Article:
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Thermal Imaging Predicts Venous Leg Ulcer Healing


Non-invasive technique can predict which leg wound will heal within three months.

Providers can use thermal imaging techniques to better predict whether leg wounds will require additional care.

In a study published in Scientific Reports, investigators from Australia outlined how thermal imaging can tell a provider within two weeks of an initial scan if a venous leg ulcer will heal within 12 weeks. This technique could replace the current digital strategies or invasive planimetric tracing.

“The significance of this work is that there is now a method for detecting wounds that do not heal in the normal trajectory by week two using a non-contact, quick, objective, and simple method,” said Rajna Ogrin, Ph.D., a Bolton Clarke Research Institute Senior Fellow. “A non-contact method like thermal imaging would be ideal to use when managing wounds in the home setting to minimize physical contact and, therefore, reduce infection risk.”

Thermal images of a venous leg ulcer showing healthy healing progress over three weeks.

CREDIT: RMIT University

Thermal images of a venous leg ulcer showing healthy healing progress over three weeks.

CREDIT: RMIT University

According to existing estimates, up to 2 percent of populations in developed countries will experience a chronic injury during their lives. This means 6.5 million Americans will be impacted, levying a heavy $25-billion price tag on the healthcare system.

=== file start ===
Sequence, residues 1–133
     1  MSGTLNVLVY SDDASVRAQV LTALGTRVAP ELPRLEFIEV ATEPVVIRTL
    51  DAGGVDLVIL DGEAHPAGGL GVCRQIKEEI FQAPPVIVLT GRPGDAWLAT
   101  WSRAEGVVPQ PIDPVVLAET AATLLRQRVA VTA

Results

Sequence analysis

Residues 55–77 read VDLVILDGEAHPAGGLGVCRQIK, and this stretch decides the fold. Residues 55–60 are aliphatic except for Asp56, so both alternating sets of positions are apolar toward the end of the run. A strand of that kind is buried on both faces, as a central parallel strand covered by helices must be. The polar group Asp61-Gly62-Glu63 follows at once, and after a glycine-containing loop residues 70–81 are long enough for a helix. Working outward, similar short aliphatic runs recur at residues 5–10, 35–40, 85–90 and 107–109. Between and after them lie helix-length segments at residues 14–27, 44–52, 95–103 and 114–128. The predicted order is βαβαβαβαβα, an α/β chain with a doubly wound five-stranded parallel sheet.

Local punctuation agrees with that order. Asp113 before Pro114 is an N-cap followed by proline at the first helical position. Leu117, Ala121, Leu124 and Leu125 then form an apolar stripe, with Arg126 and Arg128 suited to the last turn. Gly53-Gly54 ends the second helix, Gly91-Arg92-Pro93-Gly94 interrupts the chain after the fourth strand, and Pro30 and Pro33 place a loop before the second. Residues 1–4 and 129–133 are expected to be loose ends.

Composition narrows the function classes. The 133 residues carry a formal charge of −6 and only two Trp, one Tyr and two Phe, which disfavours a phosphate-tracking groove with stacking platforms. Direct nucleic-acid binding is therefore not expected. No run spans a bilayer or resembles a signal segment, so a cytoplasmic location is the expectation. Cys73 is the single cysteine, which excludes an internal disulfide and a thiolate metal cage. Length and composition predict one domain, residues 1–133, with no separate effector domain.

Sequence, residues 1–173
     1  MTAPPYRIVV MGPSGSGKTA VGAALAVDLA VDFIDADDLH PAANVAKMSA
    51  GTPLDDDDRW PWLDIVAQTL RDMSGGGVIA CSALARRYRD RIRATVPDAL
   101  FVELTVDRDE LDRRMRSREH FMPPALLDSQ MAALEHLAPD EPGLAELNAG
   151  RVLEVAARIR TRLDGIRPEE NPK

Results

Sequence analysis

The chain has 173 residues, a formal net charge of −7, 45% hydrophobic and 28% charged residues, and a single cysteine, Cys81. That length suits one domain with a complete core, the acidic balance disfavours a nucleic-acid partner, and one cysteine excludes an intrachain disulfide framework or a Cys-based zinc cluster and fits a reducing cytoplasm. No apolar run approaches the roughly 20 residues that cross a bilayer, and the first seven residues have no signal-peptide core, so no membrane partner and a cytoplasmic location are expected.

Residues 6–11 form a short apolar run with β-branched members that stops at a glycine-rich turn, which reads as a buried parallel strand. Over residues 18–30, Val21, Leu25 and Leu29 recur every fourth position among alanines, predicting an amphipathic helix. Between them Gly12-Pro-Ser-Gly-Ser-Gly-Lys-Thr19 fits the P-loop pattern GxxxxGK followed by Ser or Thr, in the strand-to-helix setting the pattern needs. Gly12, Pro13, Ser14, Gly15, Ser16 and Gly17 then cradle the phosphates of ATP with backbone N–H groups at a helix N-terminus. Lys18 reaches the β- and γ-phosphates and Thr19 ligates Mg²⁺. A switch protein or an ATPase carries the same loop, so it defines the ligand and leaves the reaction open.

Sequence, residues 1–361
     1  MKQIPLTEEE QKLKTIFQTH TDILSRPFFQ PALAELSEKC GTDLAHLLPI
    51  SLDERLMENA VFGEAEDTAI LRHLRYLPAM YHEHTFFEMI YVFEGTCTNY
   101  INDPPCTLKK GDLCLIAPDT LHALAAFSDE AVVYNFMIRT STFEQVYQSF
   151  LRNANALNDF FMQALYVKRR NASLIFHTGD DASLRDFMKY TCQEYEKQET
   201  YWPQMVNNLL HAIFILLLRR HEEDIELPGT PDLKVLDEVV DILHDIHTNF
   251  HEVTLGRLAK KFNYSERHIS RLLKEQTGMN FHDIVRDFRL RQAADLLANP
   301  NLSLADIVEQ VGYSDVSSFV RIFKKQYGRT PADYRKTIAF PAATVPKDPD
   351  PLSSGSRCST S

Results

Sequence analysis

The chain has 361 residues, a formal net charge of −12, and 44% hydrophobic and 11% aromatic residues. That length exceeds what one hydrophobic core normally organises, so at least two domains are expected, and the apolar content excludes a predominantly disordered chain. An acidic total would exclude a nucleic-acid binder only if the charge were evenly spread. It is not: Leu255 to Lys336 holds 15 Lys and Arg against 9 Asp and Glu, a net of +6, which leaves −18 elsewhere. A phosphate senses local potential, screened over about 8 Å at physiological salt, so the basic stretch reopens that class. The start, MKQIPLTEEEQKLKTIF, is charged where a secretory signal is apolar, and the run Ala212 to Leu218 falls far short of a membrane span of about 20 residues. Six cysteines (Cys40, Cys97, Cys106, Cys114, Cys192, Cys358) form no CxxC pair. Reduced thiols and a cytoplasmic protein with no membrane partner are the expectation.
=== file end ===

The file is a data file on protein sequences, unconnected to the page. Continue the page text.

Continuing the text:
But, to side-step this potential problem, Ogrin said, thermal imaging can detect the heat distribution of an injury. Higher temperatures point to potential inflammation and possible infection while lower temperatures indicate a slower healing rate likely due to decreased oxygen.

For their study, the team used thermal imaging to analyze venous leg ulcers on 60 participants. They found that this technique outperforms digital imagery and planimetry would tracing at detecting healing wounds by week four.

This method is superior to regular wound photography, said Dinesh Kumar, Ph.D., an engineering professor at RMIT University, because it is difficult for this second strategy to accurately measure changes in wound size and other physiological parameters over time in the home environment. Variations in lighting conditions, image quality, and camera angle interfere with assessment.

“Textural analysis of thermal images is resilient to these variations and is a time-efficient and cost-effective method to identify delayed healing of venous leg ulcers and improve patient outcomes,” said Kumar, who leads the RMIT Biosignals for Affordable Healthcare group.

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